By Connor Salter, Crosswalk.com
As Old Testament characters go, King David is probably the most famous. The slayer of giants, the hero of Israel, the man who pursued God with all his heart. While we talk a lot about his heroic might, we don’t talk much about David’s wives. Depending on what Sunday School you attended, you might not know there were multiple wives. Let’s take a look at what the Bible tells us about them.
Who Were David's Wives?
There are several key places in the Bible that describe David’s wives. 1 Chronicles 3:1-9 lists sons that David had with seven women, six of which he married while living in exile in Hebron. The list of wives married during his exile is repeated in 2 Samuel 3:2-5. However, these lists only mention the wives that David had sons with, and the 1 Chronicles list ends with “these were the sons of David, not including his sons born to concubines” (1 Chronicles 3:9). A wife not covered in either list, David’s first wife, is mentioned in several stories about David’s exploit. Given that Biblical genealogies are not always definitive (sometimes they just mention notable family members or the notable offspring), there could be wives the Bible doesn’t mention.
So, based on what we know, David had at least eight wives, and we learn in 2 Samuel that he had at least ten concubines. Here are the eight wives:
Michal was David’s original wife, Saul’s daughter whom David won by killing 100 Philistines (1 Samuel 18:24-27). She later helped David escape before her father could kill him (1 Samuel 19:11-18) and was married off to a man named Palti. David took her back after he became king of Judah (2 Samuel 3:12-6). When David danced before the Ark of the Covenant as it entered Jerusalem, Michal rebuked him for his undignified behavior. David retorted that he was celebrating before God, and that story concludes by saying Michael “remained childless throughout her entire life” (2 Sam 6:23).
Abigail was the second of David’s wives. As described in 1 Samuel 25, she was first married to a wealthy man named Nabal who treated David cheaply. Abigail wisely entreated David not to kill Nabal, and he had mercy. After Abigail told her husband that she saved him, Nabal had a heart attack and died. David then married Abigail, and she had a son named Daniel.
Ahinoam married David while he was in exile from Saul, and had David’s firstborn son, Amnon. Amnom would create much grief for David and the rest of the family when he molested his half-sister Tamar (2 Samuel 13).
Maacah, whose father Talmai was king of Geshur, married David while he was in exile and her children included a son named Absalom and a daughter named Tamar. After Amnon raped Tamar, Absalom killed him (2 Samuel 13:23-38). Later Absalom tried to usurp David.
Haggith married David while he was in exile, and had a son named Adonijah. Adonijah would be David’s oldest living son by the time David died and would try to claim the throne for himself.
Abital married David while he was in exile, and had a son named Shephatiah.
Eglah married David while he was in exile, and had a son named Ithream.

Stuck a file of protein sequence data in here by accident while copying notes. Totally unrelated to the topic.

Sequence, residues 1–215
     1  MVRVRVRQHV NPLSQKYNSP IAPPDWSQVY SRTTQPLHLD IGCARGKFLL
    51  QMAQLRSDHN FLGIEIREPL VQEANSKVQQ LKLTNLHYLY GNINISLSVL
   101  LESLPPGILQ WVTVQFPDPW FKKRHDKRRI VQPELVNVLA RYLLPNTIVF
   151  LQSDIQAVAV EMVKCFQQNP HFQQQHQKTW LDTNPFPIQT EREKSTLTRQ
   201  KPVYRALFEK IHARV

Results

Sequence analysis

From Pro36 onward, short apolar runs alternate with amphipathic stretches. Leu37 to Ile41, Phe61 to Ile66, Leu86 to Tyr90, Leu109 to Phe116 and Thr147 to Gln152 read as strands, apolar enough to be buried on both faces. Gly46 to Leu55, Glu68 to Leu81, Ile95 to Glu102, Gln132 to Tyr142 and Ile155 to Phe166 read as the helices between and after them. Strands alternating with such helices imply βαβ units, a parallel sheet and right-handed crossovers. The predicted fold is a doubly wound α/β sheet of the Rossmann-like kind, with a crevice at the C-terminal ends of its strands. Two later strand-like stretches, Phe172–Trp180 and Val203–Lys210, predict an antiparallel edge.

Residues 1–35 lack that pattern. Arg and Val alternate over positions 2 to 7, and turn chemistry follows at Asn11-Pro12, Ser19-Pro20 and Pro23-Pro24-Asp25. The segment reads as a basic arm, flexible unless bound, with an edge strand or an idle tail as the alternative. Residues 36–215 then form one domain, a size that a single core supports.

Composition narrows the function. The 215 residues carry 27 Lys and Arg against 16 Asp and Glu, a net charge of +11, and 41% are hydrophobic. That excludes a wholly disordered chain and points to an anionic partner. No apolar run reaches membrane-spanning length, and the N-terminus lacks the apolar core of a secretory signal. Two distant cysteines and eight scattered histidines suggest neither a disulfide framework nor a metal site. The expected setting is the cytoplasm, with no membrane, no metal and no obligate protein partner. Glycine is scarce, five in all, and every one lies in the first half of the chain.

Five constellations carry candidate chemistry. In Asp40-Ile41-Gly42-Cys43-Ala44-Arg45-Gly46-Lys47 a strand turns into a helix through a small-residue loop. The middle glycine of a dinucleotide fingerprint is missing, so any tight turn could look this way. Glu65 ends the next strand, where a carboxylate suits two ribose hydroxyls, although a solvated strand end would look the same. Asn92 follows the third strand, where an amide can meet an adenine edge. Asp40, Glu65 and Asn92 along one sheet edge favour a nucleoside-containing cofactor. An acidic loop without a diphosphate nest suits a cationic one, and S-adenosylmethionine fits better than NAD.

Bathsheba was David’s last wife (at least the last one mentioned in the Bible) and probably his most famous. As told in 2 Samuel 11-12, Bathsheba was married to Uriah, one of David’s mighty men (2 Samuel 23:39). David slept with Bathsheba and arranged for Uriah’s death when he discovered Bathsheba was pregnant (2 Samuel 11:14-27). The prophet Nathan rebuked David, and Bathsheba’s child died. Later she and David had a second son, Solomon, who God favored (2 Samuel 12:25).
The Bible also mentions a woman who was not strictly a wife or a concubine, but close enough that it became a problem. In his old age, David could no longer stay warm in bed, so his advisors found “a young virgin” named Abishag to sleep in the same bed with David and provide warmth. 1 Kings 1:4 says Abishag “looked after the king and took care of him. But the king had no sexual relations with her.” So, Abishag slept with the king, but not (if you’ll forgive the pun) “in the Biblical sense.”
However, after Solomon became king, Adonijah used Bathsheba to ask Solomon a favor: he wanted Abishag’s hand in marriage (1 Kings 2:13-23). Solomon replied, “you might as well ask me to give him the kingdom!” (1 Kings 2:22). The implication seems to be if Adonijah married a woman who’d been on intimate terms with David, it would be like marrying one of David’s wives: a claim to power and succession. Thus, although Abishag was not David’s wife or concubine, her intimate connection with the king resulted in people using her as a pawn.
If God Is Against Polygamy, Why Did David Have Multiple Wives?
The Bible routinely describes polygamy in a negative light, so it may be hard to understand why David, a “man after God’s own heart,” (1 Samuel 13:14) had multiple wives. Some scholars have suggested he married some of these women for political reasons—as noted earlier, Maacah was the daughter of a king. Others have speculated that in the pagan societies surrounding Israel, having multiple wives was a way kings showed their power.